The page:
Azure Pipelines loads a maximum of 2000 branches from a repository into dropdown lists in the Azure Devops Portal, for example into the Default branch for manual and scheduled builds setting, or when choosing a branch when running a pipeline manually. If you don't see your desired branch in the list, type the desired branch name manually.


Problems related to Bitbucket Server integration fall into the following categories:

  • Failing triggers: My pipeline isn't being triggered when I push an update to the repo.
  • Failing checkout: My pipeline is being triggered, but it fails in the checkout step.

Failing triggers

I pushed a change to my server, but the pipeline isn't being triggered.

Follow each of these steps to troubleshoot your failing triggers:

  • Is your Bitbucket server accessible from Azure Pipelines? Azure Pipelines periodically polls Bitbucket server for changes. If the Bitbucket server is behind a firewall, this traffic might not reach your server. For more information, see Azure DevOps IP Addresses and verify that you have granted exceptions to all the required IP addresses. These IP addresses might have changed since you have originally set up the exception rules. You can only start manual runs if you used an external Git connection and if your server isn't accessible from Azure Pipelines.

  • Is your pipeline paused or disabled? Open the editor for the pipeline, and then select Settings to check. If your pipeline is paused or disabled, then triggers do not work.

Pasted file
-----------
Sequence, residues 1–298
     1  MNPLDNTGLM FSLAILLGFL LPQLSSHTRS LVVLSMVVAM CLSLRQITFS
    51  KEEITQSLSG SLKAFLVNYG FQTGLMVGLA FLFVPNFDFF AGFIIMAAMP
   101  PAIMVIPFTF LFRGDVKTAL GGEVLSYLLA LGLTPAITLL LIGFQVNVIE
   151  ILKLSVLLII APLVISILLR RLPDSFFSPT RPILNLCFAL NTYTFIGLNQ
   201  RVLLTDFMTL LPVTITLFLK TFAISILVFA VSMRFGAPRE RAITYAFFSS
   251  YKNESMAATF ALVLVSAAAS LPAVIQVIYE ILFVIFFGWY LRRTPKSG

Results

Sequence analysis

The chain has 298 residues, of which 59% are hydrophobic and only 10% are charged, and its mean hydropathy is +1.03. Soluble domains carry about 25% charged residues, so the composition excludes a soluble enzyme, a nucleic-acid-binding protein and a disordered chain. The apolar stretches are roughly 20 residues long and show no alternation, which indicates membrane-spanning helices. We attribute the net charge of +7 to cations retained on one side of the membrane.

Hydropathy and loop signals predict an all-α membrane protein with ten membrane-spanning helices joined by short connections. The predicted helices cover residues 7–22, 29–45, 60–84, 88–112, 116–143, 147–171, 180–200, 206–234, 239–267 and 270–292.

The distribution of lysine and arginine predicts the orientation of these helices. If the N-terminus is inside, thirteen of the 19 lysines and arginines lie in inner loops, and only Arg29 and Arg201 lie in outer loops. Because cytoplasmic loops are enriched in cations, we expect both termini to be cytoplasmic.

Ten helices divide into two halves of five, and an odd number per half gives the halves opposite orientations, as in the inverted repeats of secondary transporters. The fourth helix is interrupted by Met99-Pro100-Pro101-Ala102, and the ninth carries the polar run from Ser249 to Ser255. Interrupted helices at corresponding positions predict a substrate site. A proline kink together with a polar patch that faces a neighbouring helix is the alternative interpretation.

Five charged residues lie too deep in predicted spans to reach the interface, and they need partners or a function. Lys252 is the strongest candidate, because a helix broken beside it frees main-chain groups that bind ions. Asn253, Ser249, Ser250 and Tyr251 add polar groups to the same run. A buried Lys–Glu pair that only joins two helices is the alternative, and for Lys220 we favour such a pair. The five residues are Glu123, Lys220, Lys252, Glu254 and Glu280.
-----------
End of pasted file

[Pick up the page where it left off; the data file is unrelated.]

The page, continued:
• Have you excluded the branches or paths to which you pushed your changes? Test by pushing a change to an included path in an included branch. Note that paths in triggers are case-sensitive. Make sure that you use the same case as those of real folders when specifying the paths in triggers.

I did not push any updates to my code, however the pipeline is still being triggered.

  • The continuous integration trigger for Bitbucket works through polling. After each polling interval, Azure Pipelines attempts to contact the Bitbucket server to check if there have been any updates to the code. If Azure Pipelines is unable to reach the Bitbucket server (possibly due to a network issue), then we start a new run anyway assuming that there might have been code changes. When Azure Pipelines can't retrieve a YAML pipeline's code, it will create an informational run.

Failing checkout

When I attempt to start a new run manually, there is a delay of 4-8 minutes before it starts.

  • Your Bitbucket server isn't reachable from Azure Pipelines. Make sure that you have not selected the option to attempt accessing this Git server from Azure Pipelines in the Bitbucket service connection. If that option is selected, Azure Pipelines will attempt to contact to your server and since your server is unreachable, it eventually times out and starts the run anyway. Unchecking that option speeds up your manual runs.

The checkout step fails with the error that the server can't be resolved.

Do you use Microsoft-hosted agents? If so, these agents might not be able to reach your Bitbucket server. See Not reachable from Microsoft-hosted agents for more information.